The influence of Ayurveda on Thai massage accounts for their shared ability to aid in the healing process. Understanding the origins of this relationship will make you a more knowledgeable and understanding therapist.
The origin of Thai medicine is legendary. According to many popular accounts, the practice began over 2,000 years ago with Jivaka Kumarbaccha, also known as Dr. Shivago Komarpaj.
While there is no real evidence that supports the idea that he really founded the art, it is generally agreed that Kumarbaccha, originally from Northern India, was an Ayurvedic doctor. He’s further reputed to have been the physician to the Buddha himself.
When Ayurveda and Buddhism made their way to Thailand, Thai medicine was influenced by it, but developed quite uniquely, introducing different forms of massage (and many other locally defined therapies) as a means to relieve muscles and soothe pain after long hours of meditation or working in the rice fields.
Associated Bodywork and Massage Professionals reports that Thai medicine, like Vedic philosophy, starts from a belief that illness and pain are caused by blockages in the vital energy force that runs through the body. Thai massage is one of the most prevalent treatments used to clear this congestion.
Further evidencing a connection, the Thai Healing Alliance International cites a similarity between some of the names of the Thai sen lines and those of a corresponding system in the Ayurvedic methodology.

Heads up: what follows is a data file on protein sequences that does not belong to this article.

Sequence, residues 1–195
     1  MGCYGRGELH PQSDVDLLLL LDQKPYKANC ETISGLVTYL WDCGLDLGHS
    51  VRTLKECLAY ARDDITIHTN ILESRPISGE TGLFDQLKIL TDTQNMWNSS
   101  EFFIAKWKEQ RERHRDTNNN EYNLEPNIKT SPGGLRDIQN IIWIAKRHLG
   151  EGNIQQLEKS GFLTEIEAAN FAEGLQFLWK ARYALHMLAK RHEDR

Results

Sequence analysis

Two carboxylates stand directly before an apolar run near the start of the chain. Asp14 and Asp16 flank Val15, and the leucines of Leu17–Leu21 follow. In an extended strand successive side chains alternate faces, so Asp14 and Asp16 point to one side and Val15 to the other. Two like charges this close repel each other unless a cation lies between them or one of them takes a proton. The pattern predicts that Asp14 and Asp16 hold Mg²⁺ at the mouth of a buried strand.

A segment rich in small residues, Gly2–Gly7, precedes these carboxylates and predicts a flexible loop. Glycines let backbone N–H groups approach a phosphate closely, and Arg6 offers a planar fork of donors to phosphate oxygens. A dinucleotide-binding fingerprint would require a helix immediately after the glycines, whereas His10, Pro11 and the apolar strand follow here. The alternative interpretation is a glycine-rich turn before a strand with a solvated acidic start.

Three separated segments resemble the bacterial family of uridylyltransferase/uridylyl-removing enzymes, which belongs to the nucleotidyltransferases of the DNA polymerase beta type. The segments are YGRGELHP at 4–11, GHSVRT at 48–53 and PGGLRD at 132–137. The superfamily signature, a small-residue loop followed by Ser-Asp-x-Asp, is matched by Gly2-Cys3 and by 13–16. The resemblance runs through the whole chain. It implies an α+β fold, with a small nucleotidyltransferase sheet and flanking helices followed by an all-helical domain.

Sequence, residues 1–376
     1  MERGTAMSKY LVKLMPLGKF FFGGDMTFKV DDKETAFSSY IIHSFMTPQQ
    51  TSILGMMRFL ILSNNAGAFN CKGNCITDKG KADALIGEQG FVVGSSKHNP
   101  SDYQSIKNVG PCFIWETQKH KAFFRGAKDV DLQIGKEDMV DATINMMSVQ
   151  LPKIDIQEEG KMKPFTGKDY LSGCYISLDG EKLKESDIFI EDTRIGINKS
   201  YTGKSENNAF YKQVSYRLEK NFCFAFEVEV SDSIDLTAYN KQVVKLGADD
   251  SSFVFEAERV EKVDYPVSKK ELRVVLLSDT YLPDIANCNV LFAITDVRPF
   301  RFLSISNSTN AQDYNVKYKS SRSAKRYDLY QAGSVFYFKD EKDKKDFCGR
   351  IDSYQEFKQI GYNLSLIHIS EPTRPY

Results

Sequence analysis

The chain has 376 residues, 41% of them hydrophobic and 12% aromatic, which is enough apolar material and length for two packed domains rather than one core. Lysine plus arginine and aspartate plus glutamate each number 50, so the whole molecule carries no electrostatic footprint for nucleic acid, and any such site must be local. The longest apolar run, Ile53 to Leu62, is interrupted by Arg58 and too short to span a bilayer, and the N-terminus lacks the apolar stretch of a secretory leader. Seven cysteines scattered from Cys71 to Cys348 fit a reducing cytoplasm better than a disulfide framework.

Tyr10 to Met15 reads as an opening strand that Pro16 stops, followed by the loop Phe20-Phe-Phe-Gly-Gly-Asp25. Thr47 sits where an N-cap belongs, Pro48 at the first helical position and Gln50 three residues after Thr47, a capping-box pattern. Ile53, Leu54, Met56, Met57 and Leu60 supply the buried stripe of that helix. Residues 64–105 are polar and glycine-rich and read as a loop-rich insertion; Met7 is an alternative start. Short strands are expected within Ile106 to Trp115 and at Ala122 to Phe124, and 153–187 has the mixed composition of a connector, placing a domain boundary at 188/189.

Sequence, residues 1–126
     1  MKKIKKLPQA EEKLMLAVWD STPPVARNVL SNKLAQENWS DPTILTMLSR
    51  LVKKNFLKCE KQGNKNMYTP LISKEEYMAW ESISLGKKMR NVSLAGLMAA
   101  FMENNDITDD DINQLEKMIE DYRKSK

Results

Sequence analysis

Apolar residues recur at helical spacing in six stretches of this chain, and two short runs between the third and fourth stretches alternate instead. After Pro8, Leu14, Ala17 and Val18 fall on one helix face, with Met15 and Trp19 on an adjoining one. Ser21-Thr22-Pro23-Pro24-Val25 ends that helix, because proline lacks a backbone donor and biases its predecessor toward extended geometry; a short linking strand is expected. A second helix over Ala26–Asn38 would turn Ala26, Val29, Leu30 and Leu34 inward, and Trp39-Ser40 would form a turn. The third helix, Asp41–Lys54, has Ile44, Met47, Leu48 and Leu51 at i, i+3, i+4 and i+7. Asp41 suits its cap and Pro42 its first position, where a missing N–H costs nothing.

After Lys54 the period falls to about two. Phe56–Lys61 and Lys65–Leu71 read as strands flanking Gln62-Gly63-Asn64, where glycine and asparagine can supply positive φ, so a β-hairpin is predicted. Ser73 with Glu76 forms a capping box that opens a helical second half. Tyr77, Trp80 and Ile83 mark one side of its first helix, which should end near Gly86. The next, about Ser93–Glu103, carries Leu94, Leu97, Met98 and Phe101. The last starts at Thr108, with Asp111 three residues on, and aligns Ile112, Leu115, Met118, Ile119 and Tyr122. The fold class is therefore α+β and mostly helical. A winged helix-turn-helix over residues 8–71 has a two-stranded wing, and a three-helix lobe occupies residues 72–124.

Both traditions have a basis in element-theory, as many Eastern medicines do — however, they do slightly differ. Thai medicine is most commonly based on a four-element system of earth, water, fire, and wind (sometimes five or six elements are used as well). Ayurvedic medicine, however, follows the Dosha system, which is based on different combinations of five elements, according to The Chopra Center.
Everyone has a unique mix of these forces, which means that what constitutes balance and imbalance differs for each of us. Both Ayurveda and Thai medicine treat imbalances through diet, meditation, massage, and spiritual interventions.
Both systems identify 72,000 channels in the body that can be manipulated in the healing process. Additionally, many of the poses in Thai massage correspond closely to those of Indian yoga postures. Although the methods may be different, the basis for the practices are the same.
Putting it All Together
How can understanding the origins of Thai medicine and its ties to Ayurveda help make you a better therapist?
For starters, it can take your practice deeper. In the same way you want your clients’ bodies to move deeper into their poses over time, delving deeper into the roots of your discipline will bring you to new depths.
This study will help you to find connections you might have missed, and to try treatments you might not have considered, all of which will benefit your patients and enable you to make new recommendations for your patients’ physical, mental, and spiritual needs.
Seeing the two systems as complementary will enrich the services you are able to provide, giving you greater confidence in your practice.